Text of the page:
(29) ϕ ( r ) = 1 r r N Γ min Γ max + τ - τ r / r 0 8 Γ max - Γ min r N Γ min < r < r N Γ max 0 r r N Γ max .

From the PHM, the PHDM (Fig. 2b and c) can be calculated as

(30) ψ ( r ) = 1 Q | ϕ | = 9 2 π r 7 r N Γ max 9 - r N Γ min 9 r N Γ min < r < r N Γ max 0 otherwise ,

and the integral curves can be calculated as

(31) r ( s ) = r N Γ max - s ,

with 0sL and L=rN(Γmax)-rN(Γmin).

Figure 2(a) PHM and (b) PHDM examples for the freezing viscous gravity current model under a uniform sampling of the freezing rate parameter Γ. (c) One-dimensional profile of the PHM and PHDM with the distribution centers indicated. This example was calculated with rN(Γmin)/r0=2 and rN(Γmax)/r0=3 or Γmin/τ=255 and Γmax/τ=6560.


These relationships lead naturally to the estimates of the center of the distribution (Fig. 2) as defined above,

(32) r M = r N Γ max r med = r 0 1 + Γ max + Γ min 2 τ 1 / 8 r μ = r N Γ max - μ ,

and the standard deviation,

(33) r μ ± σ = r N Γ max - μ σ ,


(34) μ = r N Γ min τ Δ Γ r N Γ min 8 9 r 0 8 ρ 9 - 1 - Γ min + τ τ ( ρ - 1 ) σ = r N Γ min 2 τ Δ Γ r N Γ min 8 45 r 0 8 ρ 10 - 1 - 2 r N Γ min 8 9 r 0 8 ρ - 1 - Γ min + τ τ ( ρ - 1 ) 2 - μ 2 1 / 2 and : ρ = r N Γ max r N Γ min ,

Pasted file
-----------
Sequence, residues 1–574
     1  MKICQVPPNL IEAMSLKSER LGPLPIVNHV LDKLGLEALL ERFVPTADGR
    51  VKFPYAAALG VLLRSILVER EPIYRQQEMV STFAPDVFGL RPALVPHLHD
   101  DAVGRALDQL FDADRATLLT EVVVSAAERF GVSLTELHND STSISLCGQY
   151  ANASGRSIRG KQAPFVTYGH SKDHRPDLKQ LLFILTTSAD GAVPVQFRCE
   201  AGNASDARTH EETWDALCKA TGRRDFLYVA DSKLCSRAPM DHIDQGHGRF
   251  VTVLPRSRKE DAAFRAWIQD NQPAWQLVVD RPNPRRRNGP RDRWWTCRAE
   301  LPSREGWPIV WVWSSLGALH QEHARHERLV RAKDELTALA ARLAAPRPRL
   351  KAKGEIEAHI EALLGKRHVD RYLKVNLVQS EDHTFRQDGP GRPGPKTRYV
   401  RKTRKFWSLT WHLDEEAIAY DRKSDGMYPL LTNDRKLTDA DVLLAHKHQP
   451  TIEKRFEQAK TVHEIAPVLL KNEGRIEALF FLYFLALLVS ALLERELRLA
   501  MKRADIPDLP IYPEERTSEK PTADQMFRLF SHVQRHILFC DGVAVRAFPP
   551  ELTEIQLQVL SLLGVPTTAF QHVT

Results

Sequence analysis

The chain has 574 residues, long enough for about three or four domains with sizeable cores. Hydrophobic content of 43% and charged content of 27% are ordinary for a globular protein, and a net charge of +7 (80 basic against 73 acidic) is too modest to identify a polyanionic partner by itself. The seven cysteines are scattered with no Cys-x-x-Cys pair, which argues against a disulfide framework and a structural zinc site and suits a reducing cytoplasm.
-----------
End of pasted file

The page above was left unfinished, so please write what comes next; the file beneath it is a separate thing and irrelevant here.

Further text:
where Eq. () was substituted into Eq. (), and Eqs. (15) and (20) were used to calculate Eq. (34). Higher moments of the distribution are theoretically calculable by repeated integration by parts, from which additional facts may be learned about the distribution.

These calculations can be made analytically because of the ability to write the equation of the boundary and because that equation is invertible for the unknown parameter; that is, it can be written as rN(Γ) (a boundary in Euclidean space) and as Γ(rN) (a boundary in parameter space). This example also serves to highlight the asymmetry of the PHM despite the underlying uniform distribution of physical parameters. This asymmetry is highlighted by the significant spread in the mean, median, and modal boundaries (Fig. 2).